By Mark Dovich
February 25 marked the first day of the trial against Armenia’s former President Serzh Sargsyan, who served as president from 2008 to 2018. Prior to the beginning of his trial, Sargsyan addressed a crowd of supporters who had gathered outside the courthouse, urging them to “defend justice” and “never forget about the security of Armenia” and claiming that “Nagorno-Karabakh will never be a part of Azerbaijan”.
Sargsyan stands accused of embezzling nearly one million U.S. dollars of state funds during the awarding of a public tender in 2013 that provided subsidized diesel fuel to low-income farmers in Armenia’s rural areas. If convicted, Sargsyan faces up to eight years in prison.
Armenia’s Special Investigative Service (SIS) claims that Sargsyan interfered in the awarding of the tender so as to ensure that a company with which he had personal ties would win. The SIS has stated that the government could have purchased the fuel from another supplier at a significantly lower cost.
Several senior members of the Ministry of Agriculture under Sargsyan’s administration, namely Sergo Karapetyan, Samvel Galstyan, and Gevorg Harutyunyan, as well as the owner of the company that was awarded the tender, Barsegh Beglaryan, face embezzlement charges in the case as well. Beglaryan is also the owner of one of Armenia’s largest petroleum importing companies.
At present, there are ongoing criminal cases against two former presidents in Armenia. Aside from the case against Sargsyan, charges have also been leveled against former President Robert Kocharyan, who served as president from 1998 to 2008. Kocharyan stands accused of attempting to overthrow the constitutional order during the events of March 1, 2008. He is currently in detention.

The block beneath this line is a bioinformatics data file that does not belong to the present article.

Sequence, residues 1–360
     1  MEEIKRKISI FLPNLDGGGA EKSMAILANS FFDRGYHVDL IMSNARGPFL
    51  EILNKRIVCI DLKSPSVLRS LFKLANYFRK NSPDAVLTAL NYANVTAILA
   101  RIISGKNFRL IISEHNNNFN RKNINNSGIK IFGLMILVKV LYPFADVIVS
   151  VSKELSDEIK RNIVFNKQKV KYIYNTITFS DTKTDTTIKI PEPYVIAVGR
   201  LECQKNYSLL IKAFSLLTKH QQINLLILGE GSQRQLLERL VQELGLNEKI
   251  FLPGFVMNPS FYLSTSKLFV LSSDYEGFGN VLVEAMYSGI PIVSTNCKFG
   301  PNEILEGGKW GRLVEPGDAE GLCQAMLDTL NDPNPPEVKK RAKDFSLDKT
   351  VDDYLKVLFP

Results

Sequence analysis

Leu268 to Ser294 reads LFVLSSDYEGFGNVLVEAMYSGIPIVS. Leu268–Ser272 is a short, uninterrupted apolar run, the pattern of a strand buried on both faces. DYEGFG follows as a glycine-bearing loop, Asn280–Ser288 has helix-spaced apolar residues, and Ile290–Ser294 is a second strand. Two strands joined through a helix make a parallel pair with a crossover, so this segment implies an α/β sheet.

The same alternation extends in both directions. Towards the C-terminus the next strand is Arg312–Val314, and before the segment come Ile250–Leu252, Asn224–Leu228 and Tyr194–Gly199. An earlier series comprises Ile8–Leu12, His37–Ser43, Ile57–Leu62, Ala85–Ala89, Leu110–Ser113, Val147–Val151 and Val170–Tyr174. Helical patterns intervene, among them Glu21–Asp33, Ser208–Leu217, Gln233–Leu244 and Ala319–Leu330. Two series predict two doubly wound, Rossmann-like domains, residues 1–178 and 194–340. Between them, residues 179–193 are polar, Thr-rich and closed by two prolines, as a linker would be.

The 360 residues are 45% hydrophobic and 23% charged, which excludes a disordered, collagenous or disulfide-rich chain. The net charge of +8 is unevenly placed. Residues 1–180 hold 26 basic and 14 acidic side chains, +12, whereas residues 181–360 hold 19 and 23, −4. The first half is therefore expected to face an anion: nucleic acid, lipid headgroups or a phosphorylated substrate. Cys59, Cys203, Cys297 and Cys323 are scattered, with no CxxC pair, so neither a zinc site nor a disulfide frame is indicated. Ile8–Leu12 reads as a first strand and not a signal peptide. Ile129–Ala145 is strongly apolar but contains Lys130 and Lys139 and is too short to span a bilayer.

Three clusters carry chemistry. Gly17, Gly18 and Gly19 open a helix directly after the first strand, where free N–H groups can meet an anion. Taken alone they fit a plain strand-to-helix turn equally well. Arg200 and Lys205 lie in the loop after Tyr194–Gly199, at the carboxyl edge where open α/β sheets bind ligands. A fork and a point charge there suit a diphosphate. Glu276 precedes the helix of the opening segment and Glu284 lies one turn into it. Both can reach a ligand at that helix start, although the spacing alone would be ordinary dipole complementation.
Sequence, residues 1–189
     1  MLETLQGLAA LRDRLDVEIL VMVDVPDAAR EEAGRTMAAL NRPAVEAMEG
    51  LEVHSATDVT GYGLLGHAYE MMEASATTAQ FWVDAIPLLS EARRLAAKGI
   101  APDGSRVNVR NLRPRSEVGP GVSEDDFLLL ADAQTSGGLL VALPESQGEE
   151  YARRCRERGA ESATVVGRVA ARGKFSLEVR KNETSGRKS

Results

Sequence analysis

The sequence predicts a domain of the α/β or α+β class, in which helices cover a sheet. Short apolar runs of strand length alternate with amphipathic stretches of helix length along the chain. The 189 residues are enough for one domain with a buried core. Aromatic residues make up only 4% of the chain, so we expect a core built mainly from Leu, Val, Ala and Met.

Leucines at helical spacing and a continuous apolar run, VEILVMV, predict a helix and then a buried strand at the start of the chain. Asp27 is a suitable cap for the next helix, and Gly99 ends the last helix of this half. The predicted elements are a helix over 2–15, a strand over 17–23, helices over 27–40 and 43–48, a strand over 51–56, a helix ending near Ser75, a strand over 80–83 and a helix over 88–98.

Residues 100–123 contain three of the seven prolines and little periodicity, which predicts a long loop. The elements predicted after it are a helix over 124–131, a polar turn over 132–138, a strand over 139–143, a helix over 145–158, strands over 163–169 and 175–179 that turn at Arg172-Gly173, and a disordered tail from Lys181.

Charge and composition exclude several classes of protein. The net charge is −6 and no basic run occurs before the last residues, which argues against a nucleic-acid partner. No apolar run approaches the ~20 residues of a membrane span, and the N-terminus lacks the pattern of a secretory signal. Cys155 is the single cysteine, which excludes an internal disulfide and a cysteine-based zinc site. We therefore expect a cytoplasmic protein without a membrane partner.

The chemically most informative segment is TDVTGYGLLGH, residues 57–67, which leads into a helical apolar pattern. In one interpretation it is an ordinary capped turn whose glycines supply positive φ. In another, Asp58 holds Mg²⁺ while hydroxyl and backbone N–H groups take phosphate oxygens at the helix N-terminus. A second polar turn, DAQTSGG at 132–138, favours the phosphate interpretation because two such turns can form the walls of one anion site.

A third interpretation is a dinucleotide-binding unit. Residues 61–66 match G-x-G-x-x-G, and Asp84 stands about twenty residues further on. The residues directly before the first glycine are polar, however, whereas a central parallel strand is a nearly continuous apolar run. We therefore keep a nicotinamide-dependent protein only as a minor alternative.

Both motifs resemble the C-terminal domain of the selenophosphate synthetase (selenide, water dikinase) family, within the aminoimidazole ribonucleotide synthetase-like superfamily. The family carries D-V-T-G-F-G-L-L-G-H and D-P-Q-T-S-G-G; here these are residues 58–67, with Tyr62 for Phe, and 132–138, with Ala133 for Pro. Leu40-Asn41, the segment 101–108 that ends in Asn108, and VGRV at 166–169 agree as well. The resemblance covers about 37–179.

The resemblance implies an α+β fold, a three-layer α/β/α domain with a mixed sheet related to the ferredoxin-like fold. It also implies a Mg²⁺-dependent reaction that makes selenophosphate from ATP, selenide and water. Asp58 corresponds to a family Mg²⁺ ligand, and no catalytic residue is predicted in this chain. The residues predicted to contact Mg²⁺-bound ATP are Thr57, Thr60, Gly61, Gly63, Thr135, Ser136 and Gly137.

On that day, following a disputed presidential election, police violently dispersed protesters in Yerevan, resulting in the deaths of nearly a dozen people. Kocharyan then declared a state of emergency, imposed a citywide curfew, and brought army units into the capital. Current Prime Minister Nikol Pashinyan was himself one of the organizers of the protests and was briefly jailed afterward as a result.
In a separate development today, the judiciary announced that a decision on Kocharyan’s pending legal appeal will be made public on March 3. Kocharyan’s lawyers previously appealed to terminate his case on the grounds that the article of the Criminal Code under which he is being charged was adopted in 2009 and therefore does not apply retroactively to events prior to its adoption.
Pashinyan came to power following the 2018 Velvet Revolution, a series of mass protests that sprung up in response to Sargsyan’s attempt to retain power beyond his second consecutive term as president. Pashinyan also made numerous pledges to root out Armenia’s endemic corruption during the protests. Indeed, aside from Presidents Sargsyan and Kocharyan, legal action has been initiated against several other prominent figures from the prerevolutionary administrations, including Constitutional Court President Hrayr Tovmasyan, former National Assembly Speaker Ara Babloyan, and former Chairman of the State Revenue Committee Gagik Khachatryan.